This past Sunday, I once again had the pleasure of being the "voice of AdFreak" on Twitter, as I live-tweeted about the Super Bowl ads for Adweek's blog. (I also made occasional contributions to the magazine's Super Bowl liveblog itself, which you can read a transcript of here.)
Amid the frenzy of tweeting about ads in real time, I became hyperaware of how the game and its celebrated commercials kept or lost my attention. When the game grew dull, I was able to cram in more online updates. When a great ad surfaced, I stopped typing and stayed glued to the screen.
I wasn't alone, as you can see in the chart above from analytics service Flurry, which tracks data from more than 160,00 iOS and Android apps. The graph shows how many mobile apps were being opened during every second of the game.
For example, during downtime, smartphone users would fire up the Twitter or Facebook apps to see what friends were saying. When the game got intense (or Madonna took the stage), phones went dark and the TV took hold.
Certain ads obviously drew in viewers. I was one of the millions who couldn't look away from the mysterious movie trailer that ended up being for the board game-inspired "Battleship." Coke's polar bears kept people away from their phones, as well.
There's so much insight to be gleaned from this data, though mostly it just illustrates two points:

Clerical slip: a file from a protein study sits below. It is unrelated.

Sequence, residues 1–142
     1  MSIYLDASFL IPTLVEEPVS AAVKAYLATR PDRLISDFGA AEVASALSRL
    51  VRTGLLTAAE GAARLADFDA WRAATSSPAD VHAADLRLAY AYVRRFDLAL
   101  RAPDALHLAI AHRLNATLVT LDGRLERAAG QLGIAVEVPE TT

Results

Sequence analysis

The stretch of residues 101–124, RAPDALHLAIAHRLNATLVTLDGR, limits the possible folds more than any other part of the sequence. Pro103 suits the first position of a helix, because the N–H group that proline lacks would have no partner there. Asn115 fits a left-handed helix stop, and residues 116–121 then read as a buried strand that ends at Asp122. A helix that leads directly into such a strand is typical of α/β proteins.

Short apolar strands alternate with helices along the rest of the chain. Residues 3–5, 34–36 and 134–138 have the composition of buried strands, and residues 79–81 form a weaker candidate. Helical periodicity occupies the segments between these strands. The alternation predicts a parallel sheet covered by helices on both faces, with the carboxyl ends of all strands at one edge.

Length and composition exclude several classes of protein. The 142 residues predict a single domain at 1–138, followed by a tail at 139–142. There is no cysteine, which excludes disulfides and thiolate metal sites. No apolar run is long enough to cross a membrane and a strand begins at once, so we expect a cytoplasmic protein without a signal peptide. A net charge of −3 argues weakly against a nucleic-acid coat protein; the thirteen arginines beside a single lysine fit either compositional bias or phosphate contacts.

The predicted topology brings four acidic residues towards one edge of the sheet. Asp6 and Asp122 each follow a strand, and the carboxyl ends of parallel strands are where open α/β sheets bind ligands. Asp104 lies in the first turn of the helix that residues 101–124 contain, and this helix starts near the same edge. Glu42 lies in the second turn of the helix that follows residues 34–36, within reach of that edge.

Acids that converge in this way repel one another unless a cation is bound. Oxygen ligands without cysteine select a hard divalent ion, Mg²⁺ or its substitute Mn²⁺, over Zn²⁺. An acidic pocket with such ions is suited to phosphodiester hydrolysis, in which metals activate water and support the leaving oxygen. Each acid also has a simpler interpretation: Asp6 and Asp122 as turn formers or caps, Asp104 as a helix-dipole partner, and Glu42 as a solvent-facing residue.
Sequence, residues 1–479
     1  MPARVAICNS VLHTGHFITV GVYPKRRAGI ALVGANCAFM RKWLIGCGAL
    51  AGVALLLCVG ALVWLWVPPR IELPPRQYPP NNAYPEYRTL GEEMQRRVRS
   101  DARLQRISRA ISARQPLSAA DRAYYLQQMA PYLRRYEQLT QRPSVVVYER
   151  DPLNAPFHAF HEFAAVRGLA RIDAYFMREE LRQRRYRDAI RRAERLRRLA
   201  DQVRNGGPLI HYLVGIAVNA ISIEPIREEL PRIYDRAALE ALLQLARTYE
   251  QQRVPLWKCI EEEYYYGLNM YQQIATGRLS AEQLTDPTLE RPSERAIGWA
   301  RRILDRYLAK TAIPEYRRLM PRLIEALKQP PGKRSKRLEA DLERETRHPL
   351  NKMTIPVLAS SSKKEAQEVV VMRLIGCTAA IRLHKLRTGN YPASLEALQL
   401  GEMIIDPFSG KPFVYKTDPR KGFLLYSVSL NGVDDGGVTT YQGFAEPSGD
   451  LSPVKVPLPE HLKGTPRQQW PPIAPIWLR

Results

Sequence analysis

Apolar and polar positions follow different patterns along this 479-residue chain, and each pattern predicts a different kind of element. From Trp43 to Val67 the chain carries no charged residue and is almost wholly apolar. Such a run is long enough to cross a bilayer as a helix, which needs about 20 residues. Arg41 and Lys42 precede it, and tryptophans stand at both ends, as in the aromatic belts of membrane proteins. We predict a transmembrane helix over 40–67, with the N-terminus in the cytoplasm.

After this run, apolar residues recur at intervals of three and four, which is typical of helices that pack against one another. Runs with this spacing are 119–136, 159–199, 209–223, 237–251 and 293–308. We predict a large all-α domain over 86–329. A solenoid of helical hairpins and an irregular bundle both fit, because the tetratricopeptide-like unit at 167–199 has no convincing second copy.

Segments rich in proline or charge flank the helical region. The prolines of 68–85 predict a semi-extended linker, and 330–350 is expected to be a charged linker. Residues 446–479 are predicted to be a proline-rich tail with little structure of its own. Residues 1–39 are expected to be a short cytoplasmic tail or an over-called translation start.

• Major television events have become national social experiences, giving us all something specific to talk about. Short of major world events, what else these days brings together so many diverse voices into the same conversation? Whether it's the Grammys or big game, TV's biggest moments are unparallaled in their ability to get people talking in real time.
• Attention comes at the cost of discussion. This creates a tough challenge for the entertainment industry. You want your TV show to be a nationally trending topic on Twitter while it's airing, but you also want viewers paying attention, right? A viewer's natural inclination will be the chat during commercial breaks, which means there's never been more pressure on advertisers to keep eyeballs on the screen and off the phone for just a few more seconds.
Which leads us to another fascinating implication of this data: We might be witnessing a new metric for TV ad performance. Most advertisers simply look at a program's audience size and claim the impressions as their own. But this chart clearly shows that attention waxes and wanes, even if the audience never leaves the room.
Will your favorite brand's next TV ad be enough to keep people engaged, or will audiences find their eyes drifting down to the dreaded second screen?